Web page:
Training yourself in times of nonstress becomes increasingly important, because you build up those practices for accessing calm quickly. Even years of meditation or yoga practice, however, aren’t always enough to handle the challenges of the modern world. When anxiety takes you by surprise, these strategies will help you catch your breath and calm your mind.
1. Be Ridiculous: To calm yourself quickly, tell your autonomic nervous system that it’s OK to stand down. One cue that works surprisingly well is silliness. If you’re anxious before an important call, have a one-song dance party. Make faces in the mirror. Translate the day’s headlines into pig Latin.
2. Focus on a Game: The Scientific Solution to Building a More Resilient Brain and Life, is redirecting a racing mind by playing games, especially ones that require some concentration. Play Tetris on your phone or a round of 20 Questions with a friend.
3. Slow Your Breath: Rapid, shallow breathing is a common feature of anxiety, but that deliberately slowing the breath down — to six or seven breaths a minute — and inhaling twice the usual volume of air can lower sympathetic nervous system activity by as much as one-third.
4. Listen to Your Environment: One way to tune out the noise in your mind is to tune in to the sounds around you: the chirping birds outside your window, a humming air conditioner, a horn beeping down the street, the sound of a copy machine. “Allow your ears to simply receive whatever sounds arise,”.
5. Take a Play Break: If you can step away from a tense moment long enough to throw a Frisbee or pet your dog, you’re on your way to calming down. Play can trigger positive neurochemicals — serotonin, oxytocin, dopamine, and endorphins — that increase well-being.
6. Drink a Glass of Water: Simply slowing down to have a glass of water can be calming; it also supports stress recovery. Staying well-hydrated may reduce your HPA-axis response to stress.
7. Listen to Music: If you need to get out of your head, put on some tunes you love and listen actively, with your eyes closed. Calming music especially can have a direct effect on the autonomic system. This may be why music is now being used therapeutically in emergency rooms, as well as in pain-management and stress-reduction programs.
8. Sing: Produce your own instant music therapy by belting out a song or two (singing loudly with the radio absolutely counts). Singing can measurably improve immunity, decrease stress, and raise oxytocin levels, which help promote social bonding.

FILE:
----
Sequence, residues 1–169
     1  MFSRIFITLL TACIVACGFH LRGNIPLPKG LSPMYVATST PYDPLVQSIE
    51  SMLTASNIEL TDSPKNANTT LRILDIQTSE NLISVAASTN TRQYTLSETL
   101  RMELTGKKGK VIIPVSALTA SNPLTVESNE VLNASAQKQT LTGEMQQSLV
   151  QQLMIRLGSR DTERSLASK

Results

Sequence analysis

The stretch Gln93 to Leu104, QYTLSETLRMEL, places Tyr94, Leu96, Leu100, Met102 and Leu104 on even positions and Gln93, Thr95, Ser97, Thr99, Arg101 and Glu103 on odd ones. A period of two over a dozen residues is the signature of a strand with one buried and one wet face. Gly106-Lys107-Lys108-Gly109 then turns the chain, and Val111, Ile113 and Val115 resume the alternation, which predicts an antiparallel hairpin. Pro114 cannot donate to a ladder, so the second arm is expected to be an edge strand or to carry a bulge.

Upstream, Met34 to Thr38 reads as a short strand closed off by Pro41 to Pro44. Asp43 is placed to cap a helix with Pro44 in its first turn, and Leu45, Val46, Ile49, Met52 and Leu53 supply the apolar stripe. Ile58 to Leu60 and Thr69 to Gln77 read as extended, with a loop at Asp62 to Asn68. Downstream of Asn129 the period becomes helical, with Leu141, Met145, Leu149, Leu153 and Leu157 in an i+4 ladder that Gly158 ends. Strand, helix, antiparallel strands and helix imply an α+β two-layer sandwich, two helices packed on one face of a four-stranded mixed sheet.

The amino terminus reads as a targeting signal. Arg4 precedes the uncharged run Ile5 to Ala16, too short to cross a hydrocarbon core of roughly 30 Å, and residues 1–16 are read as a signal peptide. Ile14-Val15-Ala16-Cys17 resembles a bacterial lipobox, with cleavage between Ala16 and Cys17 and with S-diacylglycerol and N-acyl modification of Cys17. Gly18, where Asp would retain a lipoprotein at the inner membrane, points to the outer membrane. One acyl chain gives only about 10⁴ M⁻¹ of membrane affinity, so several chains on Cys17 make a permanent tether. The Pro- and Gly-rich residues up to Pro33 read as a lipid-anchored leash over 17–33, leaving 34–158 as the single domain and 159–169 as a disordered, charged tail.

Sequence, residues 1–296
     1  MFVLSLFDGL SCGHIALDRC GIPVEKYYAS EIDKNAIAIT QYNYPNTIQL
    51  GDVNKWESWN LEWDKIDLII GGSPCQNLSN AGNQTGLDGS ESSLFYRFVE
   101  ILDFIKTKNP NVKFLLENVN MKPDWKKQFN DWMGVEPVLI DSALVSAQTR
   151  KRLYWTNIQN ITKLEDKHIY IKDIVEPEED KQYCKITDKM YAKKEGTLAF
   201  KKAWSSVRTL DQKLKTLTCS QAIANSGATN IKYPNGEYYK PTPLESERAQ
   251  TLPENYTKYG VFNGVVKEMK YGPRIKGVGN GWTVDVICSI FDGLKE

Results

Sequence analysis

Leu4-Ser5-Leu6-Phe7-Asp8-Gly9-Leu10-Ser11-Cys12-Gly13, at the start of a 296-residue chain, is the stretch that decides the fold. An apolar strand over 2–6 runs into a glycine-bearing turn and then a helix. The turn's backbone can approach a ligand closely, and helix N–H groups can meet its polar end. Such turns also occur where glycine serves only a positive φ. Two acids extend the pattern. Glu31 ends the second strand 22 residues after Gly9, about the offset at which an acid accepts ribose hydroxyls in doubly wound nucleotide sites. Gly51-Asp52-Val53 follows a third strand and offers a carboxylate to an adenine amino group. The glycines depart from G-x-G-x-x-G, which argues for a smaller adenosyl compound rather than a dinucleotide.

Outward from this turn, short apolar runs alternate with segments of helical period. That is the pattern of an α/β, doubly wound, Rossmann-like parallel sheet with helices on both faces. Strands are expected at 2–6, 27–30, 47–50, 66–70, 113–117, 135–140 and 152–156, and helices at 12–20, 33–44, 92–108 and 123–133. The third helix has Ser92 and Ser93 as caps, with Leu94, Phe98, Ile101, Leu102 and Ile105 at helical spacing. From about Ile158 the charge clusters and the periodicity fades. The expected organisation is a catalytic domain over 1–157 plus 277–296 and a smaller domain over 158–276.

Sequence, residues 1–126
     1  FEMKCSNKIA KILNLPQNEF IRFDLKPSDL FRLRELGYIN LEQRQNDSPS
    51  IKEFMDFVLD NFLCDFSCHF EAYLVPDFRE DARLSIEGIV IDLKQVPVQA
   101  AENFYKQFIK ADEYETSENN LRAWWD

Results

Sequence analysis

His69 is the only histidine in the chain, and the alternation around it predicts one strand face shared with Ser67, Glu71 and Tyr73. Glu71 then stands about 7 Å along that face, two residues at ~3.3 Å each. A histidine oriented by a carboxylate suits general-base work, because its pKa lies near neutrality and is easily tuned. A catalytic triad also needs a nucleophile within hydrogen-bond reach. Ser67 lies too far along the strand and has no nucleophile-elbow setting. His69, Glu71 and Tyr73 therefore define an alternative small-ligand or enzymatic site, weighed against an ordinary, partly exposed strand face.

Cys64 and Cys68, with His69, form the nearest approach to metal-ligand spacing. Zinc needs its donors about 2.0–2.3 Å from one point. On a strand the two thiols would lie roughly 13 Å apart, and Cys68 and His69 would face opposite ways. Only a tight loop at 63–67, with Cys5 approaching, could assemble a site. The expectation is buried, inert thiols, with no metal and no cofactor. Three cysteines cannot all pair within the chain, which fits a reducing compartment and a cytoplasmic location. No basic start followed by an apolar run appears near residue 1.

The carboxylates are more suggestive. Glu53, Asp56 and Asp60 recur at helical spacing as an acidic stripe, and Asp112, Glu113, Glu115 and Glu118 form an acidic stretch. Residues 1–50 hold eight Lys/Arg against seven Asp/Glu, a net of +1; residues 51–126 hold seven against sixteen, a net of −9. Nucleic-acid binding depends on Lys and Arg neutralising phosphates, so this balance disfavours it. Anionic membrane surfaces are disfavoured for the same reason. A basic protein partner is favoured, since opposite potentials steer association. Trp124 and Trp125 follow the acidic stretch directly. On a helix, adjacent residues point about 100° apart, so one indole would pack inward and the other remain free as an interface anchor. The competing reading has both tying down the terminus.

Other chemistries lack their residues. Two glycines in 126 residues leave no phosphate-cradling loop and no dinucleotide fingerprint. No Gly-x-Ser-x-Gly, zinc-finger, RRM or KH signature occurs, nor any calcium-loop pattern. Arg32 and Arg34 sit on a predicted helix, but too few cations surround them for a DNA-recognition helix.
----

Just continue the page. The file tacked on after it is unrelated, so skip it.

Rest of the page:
9. Monotask: If you’re feeling anxious about having too much to do, approach each task in a conscious way. “I’m going to answer emails for 10 minutes,” for example, or, “I’m taking 10 minutes to clear off my desk.” Even if you can’t complete them on the first try, it can be calming to get a start on lingering tasks — which is often the hardest part.
10. Alternate-Nostril Breathing: Deep breathing is useful for slowing down the sympathetic nervous system and alternate-nostril breathing can be especially relaxing. First, exhale completely, and then inhale deeply. On your next exhale, place an index finger against your right nostril to close it off. Inhale through the left nostril, and then close the left nostril as you release the right nostril. Exhale completely through the right nostril, and then inhale through that side. At the top of the inhale, close off the right nostril, release the left, and exhale. Repeat for 15 rounds.
11. Pet an Animal: Find the nearest domesticated mammal and give it a friendly scratch behind the ears. Studies show that petting dogs can lower your blood pressure, and having a pet of your own can be a reliable source of unconditional love that keeps stress in check over time.
12. Enjoy Some Greenery: Take a walk in the woods, if possible. Research on “forest bathing,” a practice that originated in Japan, has revealed that spending time among trees and plants can measurably lower cortisol, blood pressure, and pulse rate. Gardening is also a calming activity that gets you outdoors.
13. Express Your Thanks: Numerous studies have found gratitude to be a life changer, bringing feelings of greater well-being and reducing depression. So write a note to a friend, say thank you to three people in an hour, express gratitude for the little things every day, like “Thank you, universe, for that amazing parking spot.” Or, “Thank you, universe. I am still alive. Perhaps my anxiety doesn’t know everything after all.”